The other day I mentioned something about the program I had heard Amazon ran, which would have allowed me to get THE MORONI DECEPTION into the hands of new readers for free for the first five days.  Guess I should have checked the details first, because while they do, in fact, have that program, I would've had to have given them an exclusive on the novel for the first 90 days.  While Amazon is definitely the 800 pound gorilla in the e-Book room, quite a few people do have Nooks, Kobos, and IPads and the like, and I want it to be available to everybody.  So, as a consolation, I'll run a little contest.  For the first 5 people who read this and email me at, I'll send you an Amazon coupon or gift card (or for whatever e-reader you have, just let me know) to purchase THE MORONI DECEPTION.  The next 5 winners, however, will have to "decode" the writing below the angel on the book cover (if you click on the blog's book cover entry, it will enlarge it).   For the first five correct entries, I 'll send out a coupon or gift card as well.  I'd give you a hint, but what fun is there in that?  Until next time.  Jack

Monday, July 16, 2012

For those of you who appear to have stumbled across my blog, maybe you've checked out my still under construction website and seen this, but if not, here's the inside jacket synopsis to whet your appetite for what's to come.

Michael Chenault, award-winning investigative journalist with The New York Times, is rousted in the middle of the night by NYPD detectives and accused of the bizarre murder of a complete stranger.  After clearing himself, Chenault finds that Martin Koplanski, the retired history professor he'd been accused of murdering, was likely killed for a mysterious Mormon relic long thought to be just a myth.

Twenty-four hours later, Chenault receives an email with a photo of the recently murdered wife of Presidential candidate, Brockston Ratchford. She too appears to have been ritually killed in the exact manner as Koplanski, right down to having the same cryptic character scrawled in blood across her forehead. With way more than just a hunch to now go on, Chenault heads out to Salt Lake City, the site of the Ratchford murder investigation, to find out what, if any, connection there is between the murders.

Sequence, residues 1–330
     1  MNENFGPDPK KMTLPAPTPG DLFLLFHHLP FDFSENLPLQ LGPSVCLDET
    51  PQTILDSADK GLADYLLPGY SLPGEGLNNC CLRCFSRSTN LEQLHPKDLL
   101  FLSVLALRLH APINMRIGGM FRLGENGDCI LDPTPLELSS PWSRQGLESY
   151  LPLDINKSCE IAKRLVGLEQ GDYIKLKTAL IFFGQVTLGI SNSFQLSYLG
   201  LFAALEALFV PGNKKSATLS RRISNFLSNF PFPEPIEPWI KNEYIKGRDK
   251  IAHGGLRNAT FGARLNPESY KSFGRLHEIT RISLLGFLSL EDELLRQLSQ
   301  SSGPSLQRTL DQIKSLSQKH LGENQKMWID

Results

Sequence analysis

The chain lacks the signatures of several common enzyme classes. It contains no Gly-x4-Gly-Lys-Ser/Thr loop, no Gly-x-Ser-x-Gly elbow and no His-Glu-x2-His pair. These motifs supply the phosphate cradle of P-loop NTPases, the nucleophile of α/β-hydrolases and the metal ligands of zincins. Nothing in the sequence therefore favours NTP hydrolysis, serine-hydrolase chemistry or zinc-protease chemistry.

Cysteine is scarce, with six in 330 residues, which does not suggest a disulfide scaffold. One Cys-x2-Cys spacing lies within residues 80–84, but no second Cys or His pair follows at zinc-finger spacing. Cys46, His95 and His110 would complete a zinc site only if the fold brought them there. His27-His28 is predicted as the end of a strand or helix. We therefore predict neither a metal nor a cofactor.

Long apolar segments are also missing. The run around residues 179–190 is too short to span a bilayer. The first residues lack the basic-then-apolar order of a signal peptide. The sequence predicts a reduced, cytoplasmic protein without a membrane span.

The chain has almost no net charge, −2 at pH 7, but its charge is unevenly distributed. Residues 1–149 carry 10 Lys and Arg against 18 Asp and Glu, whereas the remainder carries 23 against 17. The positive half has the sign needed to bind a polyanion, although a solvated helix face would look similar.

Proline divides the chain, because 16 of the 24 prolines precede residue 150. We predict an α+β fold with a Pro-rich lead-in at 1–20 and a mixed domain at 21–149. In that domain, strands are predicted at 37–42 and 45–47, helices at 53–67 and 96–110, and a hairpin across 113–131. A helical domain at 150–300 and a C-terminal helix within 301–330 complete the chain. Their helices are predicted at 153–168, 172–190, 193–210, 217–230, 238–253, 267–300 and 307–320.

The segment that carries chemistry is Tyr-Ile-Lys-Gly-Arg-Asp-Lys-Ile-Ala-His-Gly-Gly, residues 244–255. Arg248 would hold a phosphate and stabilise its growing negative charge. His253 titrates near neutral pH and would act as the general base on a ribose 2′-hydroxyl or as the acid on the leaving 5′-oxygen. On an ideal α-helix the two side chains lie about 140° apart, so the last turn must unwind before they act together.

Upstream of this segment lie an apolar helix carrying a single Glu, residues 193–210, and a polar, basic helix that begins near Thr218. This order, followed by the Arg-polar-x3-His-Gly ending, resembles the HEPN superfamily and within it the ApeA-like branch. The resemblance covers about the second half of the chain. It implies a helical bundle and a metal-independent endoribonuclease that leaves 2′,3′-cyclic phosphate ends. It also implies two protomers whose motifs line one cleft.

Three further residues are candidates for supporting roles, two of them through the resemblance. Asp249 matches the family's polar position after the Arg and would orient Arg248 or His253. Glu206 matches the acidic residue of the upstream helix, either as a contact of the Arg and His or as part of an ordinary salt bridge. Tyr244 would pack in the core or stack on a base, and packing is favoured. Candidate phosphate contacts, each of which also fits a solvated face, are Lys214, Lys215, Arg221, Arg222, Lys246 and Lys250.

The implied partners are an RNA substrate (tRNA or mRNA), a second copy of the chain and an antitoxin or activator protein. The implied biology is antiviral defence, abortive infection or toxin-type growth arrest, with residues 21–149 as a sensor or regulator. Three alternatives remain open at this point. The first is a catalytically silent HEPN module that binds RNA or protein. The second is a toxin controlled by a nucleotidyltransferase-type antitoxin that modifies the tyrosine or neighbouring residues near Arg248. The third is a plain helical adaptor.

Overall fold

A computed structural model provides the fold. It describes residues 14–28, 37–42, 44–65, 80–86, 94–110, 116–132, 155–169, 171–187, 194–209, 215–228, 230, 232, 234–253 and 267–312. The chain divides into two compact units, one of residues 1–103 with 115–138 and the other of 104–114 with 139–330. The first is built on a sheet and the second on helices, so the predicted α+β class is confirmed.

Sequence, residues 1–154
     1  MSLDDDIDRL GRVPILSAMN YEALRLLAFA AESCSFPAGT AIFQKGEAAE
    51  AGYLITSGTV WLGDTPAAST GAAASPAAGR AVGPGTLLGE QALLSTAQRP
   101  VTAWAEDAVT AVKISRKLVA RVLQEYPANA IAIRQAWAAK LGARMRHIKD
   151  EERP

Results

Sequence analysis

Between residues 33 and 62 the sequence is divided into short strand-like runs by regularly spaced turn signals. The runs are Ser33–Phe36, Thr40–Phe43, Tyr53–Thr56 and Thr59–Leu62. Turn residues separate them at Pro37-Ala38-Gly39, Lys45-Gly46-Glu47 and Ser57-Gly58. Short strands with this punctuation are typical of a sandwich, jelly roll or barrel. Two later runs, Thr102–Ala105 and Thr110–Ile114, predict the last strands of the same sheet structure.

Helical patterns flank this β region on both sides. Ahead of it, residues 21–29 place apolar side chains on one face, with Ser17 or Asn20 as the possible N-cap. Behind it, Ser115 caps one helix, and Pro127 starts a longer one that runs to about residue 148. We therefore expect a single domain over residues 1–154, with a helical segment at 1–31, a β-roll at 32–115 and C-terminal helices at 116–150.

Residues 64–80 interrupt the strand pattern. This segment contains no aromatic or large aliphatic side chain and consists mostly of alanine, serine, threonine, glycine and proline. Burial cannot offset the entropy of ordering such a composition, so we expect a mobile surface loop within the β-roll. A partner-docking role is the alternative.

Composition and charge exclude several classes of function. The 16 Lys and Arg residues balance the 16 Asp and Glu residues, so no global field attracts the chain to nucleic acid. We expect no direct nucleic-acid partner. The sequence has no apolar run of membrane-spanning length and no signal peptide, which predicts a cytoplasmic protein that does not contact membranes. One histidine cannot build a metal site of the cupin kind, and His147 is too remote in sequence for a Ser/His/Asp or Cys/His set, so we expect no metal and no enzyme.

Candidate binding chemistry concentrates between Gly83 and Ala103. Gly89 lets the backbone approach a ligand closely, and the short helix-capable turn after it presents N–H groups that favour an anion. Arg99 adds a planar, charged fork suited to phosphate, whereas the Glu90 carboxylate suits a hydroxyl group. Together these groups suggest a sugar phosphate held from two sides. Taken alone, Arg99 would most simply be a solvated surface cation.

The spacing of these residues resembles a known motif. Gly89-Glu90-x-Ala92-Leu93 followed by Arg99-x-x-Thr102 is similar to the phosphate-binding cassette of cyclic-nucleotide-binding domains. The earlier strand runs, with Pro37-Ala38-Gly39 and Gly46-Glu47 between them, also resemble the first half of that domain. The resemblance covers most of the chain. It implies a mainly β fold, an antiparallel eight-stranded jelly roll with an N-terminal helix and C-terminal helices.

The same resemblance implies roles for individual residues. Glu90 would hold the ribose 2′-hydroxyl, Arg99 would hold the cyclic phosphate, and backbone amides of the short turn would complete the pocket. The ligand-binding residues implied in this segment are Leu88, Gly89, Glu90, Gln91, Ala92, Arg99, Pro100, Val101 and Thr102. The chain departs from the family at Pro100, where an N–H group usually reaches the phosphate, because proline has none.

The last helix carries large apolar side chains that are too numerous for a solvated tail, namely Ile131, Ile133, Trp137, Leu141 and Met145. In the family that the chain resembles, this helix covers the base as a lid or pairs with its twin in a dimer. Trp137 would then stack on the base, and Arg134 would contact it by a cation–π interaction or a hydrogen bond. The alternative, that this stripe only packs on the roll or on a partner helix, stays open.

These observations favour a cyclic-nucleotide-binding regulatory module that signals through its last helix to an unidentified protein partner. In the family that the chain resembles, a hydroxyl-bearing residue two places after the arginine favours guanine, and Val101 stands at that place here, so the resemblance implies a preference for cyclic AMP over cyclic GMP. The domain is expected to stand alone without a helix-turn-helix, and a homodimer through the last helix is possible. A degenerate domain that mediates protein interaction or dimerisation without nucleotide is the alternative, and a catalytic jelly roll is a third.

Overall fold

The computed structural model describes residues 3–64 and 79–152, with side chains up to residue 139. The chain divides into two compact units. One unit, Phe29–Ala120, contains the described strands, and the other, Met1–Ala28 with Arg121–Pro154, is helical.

With the help of a beautiful young reporter he meets along the way, Chenault comes to learn the dark family secrets of a rising political star, along with the rather strange but true history of the Mormon church.  As he pieces the story together of what appears to be an ever-growing conspiracy, Chenault is pursued by The Brothers, two murderous zealots who will stop at nothing to retrieve the Mormon relic Chenault is also trying to find. What Chenault eventually discovers is that what he's uncovered may not only affect the outcome of the next Presidential election, but decide the fate of an entire religion--if he can manage to stay alive.

In the tradition of Raymond Khoury, Brad Meltzer, Dan Brown and Steve Berry, The Moroni Deception is a cleverly conceived, twisting tale of deceit and political and religious intrigue by a new master of the conspiracy thriller.

(I don't know about that very last part yet, but it sure does sound good :)  Until next time.  Jack


Thursday, July 12, 2012

Well, it only took five and a half years, but THE MORONI DECEPTION is finally frick'n finished.  Just have to reformat for the e-book conversion, to check the proofs, and then have it out to Amazon, Barnes & Noble, Apple, Sony, and several others.  Remember, if you go to the website, which should be completed soon, you get to read a good number of chapters for free to see if it's your cup of tea, and then after that--less than the price of a movie ticket.  I'm also thinking about letting it go for free for the first 5 days on Amazon (they apparently have a program where you can do that), so stay tuned.  And don't forget to tell, FB, Twitter, G+1, and share with your friends.  All I would ask is, if you like it, please put a favorable blurb or review up on Amazon or Goodreads, and if you don't, well, just remember what your mother taught you,  "If you can't say anything nice. . ."   Just kidding.  It's a free country, and I'm all about freedom of speech.  Just be gentle :)   Until next time.  Jack